Girls Scouts of America tells parents not to make daughters hug relatives at Christmas

Original Article

By Nick Allen

A row over political correctness erupted as the The Girl Scouts of America warned parents not to encourage their daughters to hug relatives who give them presents at Christmas.

The organisation suggested that, if young girls were told to hug aunts and uncles, they might later in life feel they “owed” physical affection to someone who bought them dinner.

One expert accused the group, which has 1.8 million members, of risking “a mass hysteria about physical contact with loved ones”.

The Girl Scouts’ advice to parents was titled “Reminder: She Doesn’t Owe Anyone a Hug. Not Even at the Holidays”.

It was was issued partly in response to revelations and allegations about sexual misconduct by a series of high profile men in politics, entertainment, and the media.

Instead of hugs it suggested parents should tell their daughters they could thank relatives with a smile or an air kiss.

In a statement the organisation said: “Think of it this way – telling your child that she owes someone a hug either just because she hasn’t seen this person in a while, or because they gave her a gift, can set the stage for her questioning whether she ‘owes’ another person any type of physical affection when they have bought her dinner, or done something else seemingly nice, for her later in life.”

It added: “There are many other ways to show appreciation, thankfulness, and love that don’t require physical contact.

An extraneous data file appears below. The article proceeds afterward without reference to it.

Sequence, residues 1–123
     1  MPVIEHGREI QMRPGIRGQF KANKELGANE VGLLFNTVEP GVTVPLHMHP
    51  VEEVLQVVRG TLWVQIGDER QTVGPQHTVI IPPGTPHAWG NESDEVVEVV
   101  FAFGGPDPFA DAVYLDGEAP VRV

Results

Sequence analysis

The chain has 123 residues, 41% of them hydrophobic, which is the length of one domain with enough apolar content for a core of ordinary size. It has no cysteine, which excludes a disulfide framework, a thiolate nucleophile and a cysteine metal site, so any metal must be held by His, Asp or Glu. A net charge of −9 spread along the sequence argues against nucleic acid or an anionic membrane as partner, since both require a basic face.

“Saying how much she’s missed someone or thank you with a smile, a high-five, or even an air kiss, are all ways she can express herself, and it’s important that she knows she gets to choose which feels most comfortable to her.”

Dr. Andrea Bastiani Archibald, a developmental psychologist for the Girl Scouts of America, said many children would naturally want to hug and kiss family members, friends, and neighbours, but those who were reticent should not be made to do so.

She added: “The notion of consent may seem very grown-up, and like something that doesn’t pertain to children, but the lessons girls learn when they’re young about setting physical boundaries, and expecting them to be respected, last a lifetime.”

However, Dr Janet Taylor, a New York psychiatrist, warned against “mass hysteria” and said it was important not to make children “afraid of who they should not be afraid of”.

She told ABC News: “I just caution parents about limiting family attachment and that kind of loving space that a lot of time only happens at the holidays.”

Actress Amber Tamblyn, who has campaigned against sexual harassment in Hollywood, backed the Girl Scouts.

She said on Twitter: “Our daughters owe no one hugs, smiles or kisses and we should start teaching them this young.”

But some parents reacted angrily on social media.

One said: “This is absolutely ridiculous. I MAKE my kids hug and kiss family members and close friends of the family when we say hello and goodbye!.It’s a sign of respect!!”

In  statement the Girl Scouts of America said: “In light of recent news stories about sexual harassment we are proud to provide girls’ parents and caregivers with age-appropriate guidance.”